There was growing concern last night for the health of four Britons being questioned by anti-terrorist police after their release from Guantanamo Bay on Tuesday.
Lawyers for the men - Moazzam Begg, Feroz Abbasi, Richard Belmar and Martin Mubanga - said their continued detention after three years of imprisonment without trial was a breach of their human rights. At least two of the men declined to meet their families after the Metropolitan Police insisted that its officers would be present during what relatives knew would be a very stressful and emotional reunion.
Last night it was rumoured that the four would be released by the end of today. They are being held at Paddington Green police station in West London.
Moazzam Begg's father, Azmat, said that although he had not yet seen his son he had been told that he was "not all that well". He added: "He is irritated and not very happy. He is demoralised by Guantanamo Bay, feeble and very thin."
The detainee's solicitor Gareth Peirce, who did spend time with him yesterday, explained that he was obviously marked by three years of ill-treatment and torture.
Louise Christian, the solicitor for Mr Abbasi and Mr Mubanga, said she was "very worried" about the men's health, particularly Mr Abbasi. "He has an air of unreality about him. He doesn't know where he is. Like all victims of torture he's finding it difficult to talk about it."
She explained that he was struggling to adjust to life outside the harsh conditions at Guantanamo. Ms Christian said: "He told me that when they asked him if he wanted a hot drink he said no, he just wanted a glass of water.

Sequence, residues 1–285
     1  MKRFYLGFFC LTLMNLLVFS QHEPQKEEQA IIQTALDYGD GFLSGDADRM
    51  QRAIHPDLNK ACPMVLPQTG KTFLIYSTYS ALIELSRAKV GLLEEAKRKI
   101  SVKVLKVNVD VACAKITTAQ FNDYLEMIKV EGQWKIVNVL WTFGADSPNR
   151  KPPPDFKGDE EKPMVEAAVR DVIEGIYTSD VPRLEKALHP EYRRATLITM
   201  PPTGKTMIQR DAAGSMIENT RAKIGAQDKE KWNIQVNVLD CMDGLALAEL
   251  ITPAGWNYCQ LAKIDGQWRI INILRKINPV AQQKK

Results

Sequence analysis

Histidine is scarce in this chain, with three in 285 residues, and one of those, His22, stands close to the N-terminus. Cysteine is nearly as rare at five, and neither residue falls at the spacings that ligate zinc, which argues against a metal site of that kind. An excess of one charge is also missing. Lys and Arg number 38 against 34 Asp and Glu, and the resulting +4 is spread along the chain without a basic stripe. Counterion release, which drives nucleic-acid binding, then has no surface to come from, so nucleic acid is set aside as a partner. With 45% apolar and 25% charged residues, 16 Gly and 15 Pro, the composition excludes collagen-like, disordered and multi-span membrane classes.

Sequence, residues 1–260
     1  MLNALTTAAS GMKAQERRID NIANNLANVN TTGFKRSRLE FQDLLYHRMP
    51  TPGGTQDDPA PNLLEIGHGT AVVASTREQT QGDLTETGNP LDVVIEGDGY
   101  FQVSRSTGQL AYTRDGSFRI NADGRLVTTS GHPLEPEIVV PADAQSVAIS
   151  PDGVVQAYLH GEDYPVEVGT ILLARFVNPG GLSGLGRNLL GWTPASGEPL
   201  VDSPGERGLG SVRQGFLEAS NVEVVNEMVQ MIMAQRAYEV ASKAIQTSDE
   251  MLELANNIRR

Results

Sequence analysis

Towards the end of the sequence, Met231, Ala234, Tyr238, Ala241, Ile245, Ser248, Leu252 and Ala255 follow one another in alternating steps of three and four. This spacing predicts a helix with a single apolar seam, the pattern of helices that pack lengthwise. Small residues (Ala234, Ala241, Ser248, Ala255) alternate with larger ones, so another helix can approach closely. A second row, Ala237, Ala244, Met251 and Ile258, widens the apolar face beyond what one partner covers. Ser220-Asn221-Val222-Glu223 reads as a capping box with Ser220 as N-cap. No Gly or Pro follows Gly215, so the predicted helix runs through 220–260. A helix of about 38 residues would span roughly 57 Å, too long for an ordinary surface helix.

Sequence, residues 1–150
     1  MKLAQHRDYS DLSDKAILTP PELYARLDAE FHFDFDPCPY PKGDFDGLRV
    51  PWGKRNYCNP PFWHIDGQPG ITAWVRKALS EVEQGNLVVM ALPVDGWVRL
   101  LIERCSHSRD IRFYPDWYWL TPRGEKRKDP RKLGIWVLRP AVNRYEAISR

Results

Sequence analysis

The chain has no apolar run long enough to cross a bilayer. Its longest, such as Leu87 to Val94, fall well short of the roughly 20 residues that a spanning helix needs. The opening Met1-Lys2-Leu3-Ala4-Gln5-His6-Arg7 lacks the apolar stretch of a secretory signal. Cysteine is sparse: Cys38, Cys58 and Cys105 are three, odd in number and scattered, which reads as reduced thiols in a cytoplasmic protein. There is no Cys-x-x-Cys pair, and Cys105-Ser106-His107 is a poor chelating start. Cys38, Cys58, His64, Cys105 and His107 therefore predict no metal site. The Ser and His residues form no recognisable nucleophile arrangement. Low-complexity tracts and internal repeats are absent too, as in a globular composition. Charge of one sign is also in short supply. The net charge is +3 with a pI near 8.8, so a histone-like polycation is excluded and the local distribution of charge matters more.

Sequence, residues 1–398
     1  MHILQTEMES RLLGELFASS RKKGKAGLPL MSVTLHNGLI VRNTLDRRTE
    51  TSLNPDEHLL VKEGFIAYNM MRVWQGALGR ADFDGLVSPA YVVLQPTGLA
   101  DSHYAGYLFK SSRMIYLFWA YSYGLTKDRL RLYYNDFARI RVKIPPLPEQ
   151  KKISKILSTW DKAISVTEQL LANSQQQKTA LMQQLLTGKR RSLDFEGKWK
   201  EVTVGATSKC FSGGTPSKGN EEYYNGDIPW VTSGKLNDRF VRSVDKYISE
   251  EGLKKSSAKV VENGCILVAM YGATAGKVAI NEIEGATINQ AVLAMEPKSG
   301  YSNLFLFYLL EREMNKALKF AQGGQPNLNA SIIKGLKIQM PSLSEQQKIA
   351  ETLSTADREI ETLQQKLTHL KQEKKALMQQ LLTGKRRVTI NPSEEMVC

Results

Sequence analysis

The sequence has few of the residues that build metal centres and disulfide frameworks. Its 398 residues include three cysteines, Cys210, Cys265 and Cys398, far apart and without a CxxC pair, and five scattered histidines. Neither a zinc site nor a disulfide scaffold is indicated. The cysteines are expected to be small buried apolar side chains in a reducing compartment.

"He was used to the situation where in Guantanamo when he asked for something he would be abused."
The lawyer read out a statement to police during Mr Abbasi's questioning warning them that his detention was in breach of Article 3 of the Human Rights Act and his interrogation was an abuse of process.
Asked whether the families of the four men would be seeing them she said they had been offered the chance to visit but there would be a police officer present at all times so they turned it down. She said: "They want to be reunited with their family members in private."
Ms Peirce emerged from the police station yesterday afternoon and said: "They are playing with these men. It is a silly political exercise for show."
Asked how Mr Begg was, she said: "Better than you would expect after three years of torture.
"He's waited three years to see his father in dignified, free conditions and that is how he wants to see him."
Massoud Shadjareh, of the Islamic Human Rights Commission, added to criticism of the men's incarceration: "After three years of torture and questioning, even the Americans have concluded they are innocent and our security forces also had access to question them over there. What sort of homecoming is this? They are innocent people."
But the Met's deputy assistant commissioner Peter Clarke, who is head of the Anti-Terrorist Branch, said: "We have discussed this case with members of the Muslim community and recognise that there are strong feelings about the return of these men to the UK. But the fact is that we have an absolute duty on behalf of all communities to investigate the circumstances leading to the men's detention."